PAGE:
Dead and downed trees decay slowly and support new life as ‘nurse-logs’. The eternal cycle of life and death is strikingly apparent in this magnificent forest community.

The 50-mile long, wild Hoh River is born high on glacier-capped Mount Olympus and descends 7,000ft to the Pacific Ocean, fed by snowmelt and rain along the way. The sun reflecting in the radiant waves makes a splendid sight.

Immense fallen conifers are swept down the river and create logjams and quiet pools for salmon. Their spawned carcasses feed dozens of aquatic and forest animals and fertilise the soil, bringing riches from the ocean to the forest. In turn, the forest lends stability to the river by preventing massive sediment flushing. Mountain, river, forest, and ocean – each part of this ecosystem depends on the other, a tapestry woven together as one naturally functioning unit.

We resume our walk through the trail and come across Taft Creek where the clear water comes from springs and seeps just upstream. Filtering down through forest soil rainwater slowly percolates through deeper layers of sand and gravel, and supplies the springs with a steady flow. We stop and gaze at the clear waters of the stream and the silence around makes us forget the whole world.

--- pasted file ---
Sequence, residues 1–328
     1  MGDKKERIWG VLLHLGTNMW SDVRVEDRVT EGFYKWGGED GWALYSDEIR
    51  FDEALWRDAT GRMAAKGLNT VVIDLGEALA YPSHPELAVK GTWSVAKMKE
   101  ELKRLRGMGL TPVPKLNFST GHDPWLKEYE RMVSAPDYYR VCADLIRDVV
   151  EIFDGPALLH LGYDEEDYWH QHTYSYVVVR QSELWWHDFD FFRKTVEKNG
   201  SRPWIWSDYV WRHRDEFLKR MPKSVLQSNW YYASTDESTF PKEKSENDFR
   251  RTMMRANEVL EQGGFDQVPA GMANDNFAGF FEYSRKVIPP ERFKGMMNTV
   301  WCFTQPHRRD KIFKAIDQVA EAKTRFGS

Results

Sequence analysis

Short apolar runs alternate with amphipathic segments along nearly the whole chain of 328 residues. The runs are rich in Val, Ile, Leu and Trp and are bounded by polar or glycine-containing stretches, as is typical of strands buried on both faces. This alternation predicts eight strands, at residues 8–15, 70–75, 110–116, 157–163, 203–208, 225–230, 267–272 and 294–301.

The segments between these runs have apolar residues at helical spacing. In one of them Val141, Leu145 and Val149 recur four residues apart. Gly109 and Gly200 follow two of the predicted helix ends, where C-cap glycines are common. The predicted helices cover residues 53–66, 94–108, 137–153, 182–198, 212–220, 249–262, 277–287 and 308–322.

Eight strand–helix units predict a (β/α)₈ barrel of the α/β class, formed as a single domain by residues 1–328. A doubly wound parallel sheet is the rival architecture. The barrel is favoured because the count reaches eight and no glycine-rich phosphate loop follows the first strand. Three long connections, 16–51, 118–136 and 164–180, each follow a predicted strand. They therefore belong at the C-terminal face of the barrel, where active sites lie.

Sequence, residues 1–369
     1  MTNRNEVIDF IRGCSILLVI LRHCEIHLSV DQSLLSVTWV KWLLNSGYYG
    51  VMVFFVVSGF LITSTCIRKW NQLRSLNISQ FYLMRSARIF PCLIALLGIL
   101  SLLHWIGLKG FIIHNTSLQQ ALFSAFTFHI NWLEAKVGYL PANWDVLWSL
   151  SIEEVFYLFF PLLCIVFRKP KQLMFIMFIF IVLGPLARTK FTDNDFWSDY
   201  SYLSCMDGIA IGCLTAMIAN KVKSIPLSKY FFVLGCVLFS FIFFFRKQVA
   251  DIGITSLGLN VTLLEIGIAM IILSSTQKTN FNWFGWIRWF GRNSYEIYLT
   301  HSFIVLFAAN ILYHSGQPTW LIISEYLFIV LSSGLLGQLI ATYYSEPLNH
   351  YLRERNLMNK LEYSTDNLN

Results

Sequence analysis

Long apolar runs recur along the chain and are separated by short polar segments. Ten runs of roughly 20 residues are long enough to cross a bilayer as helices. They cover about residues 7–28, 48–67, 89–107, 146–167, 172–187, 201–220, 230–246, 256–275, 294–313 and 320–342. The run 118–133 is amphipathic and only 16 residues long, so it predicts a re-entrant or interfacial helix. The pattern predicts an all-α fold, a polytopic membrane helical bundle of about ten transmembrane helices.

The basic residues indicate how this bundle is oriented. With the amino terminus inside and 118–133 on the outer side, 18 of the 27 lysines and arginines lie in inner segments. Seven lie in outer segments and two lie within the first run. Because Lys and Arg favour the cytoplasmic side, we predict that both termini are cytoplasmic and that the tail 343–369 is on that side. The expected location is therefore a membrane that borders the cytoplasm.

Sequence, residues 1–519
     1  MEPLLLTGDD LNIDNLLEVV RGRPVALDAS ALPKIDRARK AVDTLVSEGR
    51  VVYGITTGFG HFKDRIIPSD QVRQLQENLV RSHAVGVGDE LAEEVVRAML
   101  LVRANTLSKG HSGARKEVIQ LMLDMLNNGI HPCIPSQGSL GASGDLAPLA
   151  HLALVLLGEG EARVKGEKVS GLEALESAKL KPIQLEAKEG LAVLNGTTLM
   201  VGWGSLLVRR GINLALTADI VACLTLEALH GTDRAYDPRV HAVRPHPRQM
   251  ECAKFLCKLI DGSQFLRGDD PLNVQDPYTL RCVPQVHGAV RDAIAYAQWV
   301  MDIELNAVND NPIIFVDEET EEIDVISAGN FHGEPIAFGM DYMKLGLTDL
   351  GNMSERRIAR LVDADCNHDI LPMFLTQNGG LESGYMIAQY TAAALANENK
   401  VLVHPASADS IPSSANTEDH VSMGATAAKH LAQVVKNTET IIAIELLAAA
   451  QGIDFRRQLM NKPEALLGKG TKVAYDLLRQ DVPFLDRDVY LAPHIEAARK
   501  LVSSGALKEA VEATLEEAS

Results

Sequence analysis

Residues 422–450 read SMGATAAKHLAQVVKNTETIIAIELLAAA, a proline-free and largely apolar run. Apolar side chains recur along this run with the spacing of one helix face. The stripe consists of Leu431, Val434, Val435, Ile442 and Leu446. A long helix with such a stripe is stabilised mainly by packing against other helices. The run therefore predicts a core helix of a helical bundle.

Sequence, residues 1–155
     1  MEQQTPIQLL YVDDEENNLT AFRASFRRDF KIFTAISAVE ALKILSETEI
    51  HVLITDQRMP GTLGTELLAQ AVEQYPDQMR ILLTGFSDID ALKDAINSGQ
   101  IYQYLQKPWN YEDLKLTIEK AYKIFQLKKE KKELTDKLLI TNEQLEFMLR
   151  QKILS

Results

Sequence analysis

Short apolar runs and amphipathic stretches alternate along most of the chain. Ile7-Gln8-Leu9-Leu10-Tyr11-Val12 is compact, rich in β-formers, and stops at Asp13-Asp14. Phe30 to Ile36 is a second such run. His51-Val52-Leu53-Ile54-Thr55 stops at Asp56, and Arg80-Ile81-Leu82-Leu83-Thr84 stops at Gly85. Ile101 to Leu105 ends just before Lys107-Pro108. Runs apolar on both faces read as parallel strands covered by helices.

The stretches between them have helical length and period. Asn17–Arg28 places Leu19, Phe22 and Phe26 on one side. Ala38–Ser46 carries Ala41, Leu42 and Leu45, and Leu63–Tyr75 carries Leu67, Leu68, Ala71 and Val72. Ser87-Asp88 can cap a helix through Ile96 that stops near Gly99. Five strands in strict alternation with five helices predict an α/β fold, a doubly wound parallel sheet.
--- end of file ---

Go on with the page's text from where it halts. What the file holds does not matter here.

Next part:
The first 20km of the Upper Hoh Road outside the park is a mosaic of second growth, third growth and pastures. Logging, clearing for homesteads and market hunting of elk is said to have changed the look of this valley.


Foraging for grass on the Hurricane ridge are Mule deer (Odocoileus hemionus) called so because of their large mule-like ears

Foraging for grass on the Hurricane ridge are Mule deer (Odocoileus hemionus) called so because of their large mule-like ears


Olympic National Park was created in 1938 to preserve the primeval forest and provide permanent protection for the herds of native Roosevelt elk. In fact, the Hoh Valley – from the park boundary to Mount Olympus – looks much like it has for 5,000 years. A large number of the park’s estimated 4,000 to 5,000 elks live in the Hoh Valley today. Though they say that elk and deer are often seen in the area, we didn’t come across any in the forest. But, as we were driving one evening, we saw an elk and a cute fawn close to the road, gazing at us with its large and innocent eyes. And horrifyingly, on another day, we also came across an elk lying on the road, probably struck by a passing vehicle. In a world of diminishing resources, this forest has become valuable to people for many reasons. The beauty and tranquillity found here are one of America’s rare treasures. It is a gift of ocean, rain, river, mountains, and the wisdom of past generations, to be cherished and cared for in turn by the next generations.


Originally published in Saevus Sep-Oct 2013 Issue

Read also: Revisiting the moments in the wild 

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About the Author /

Vijaya Pratap is a documentary filmmaker and a freelance journalist, based in Hyderabad and specialises in the study of art, culture and wildlife. A travel enthusiast, she often writes about her travel adventures and worships beauty in nature.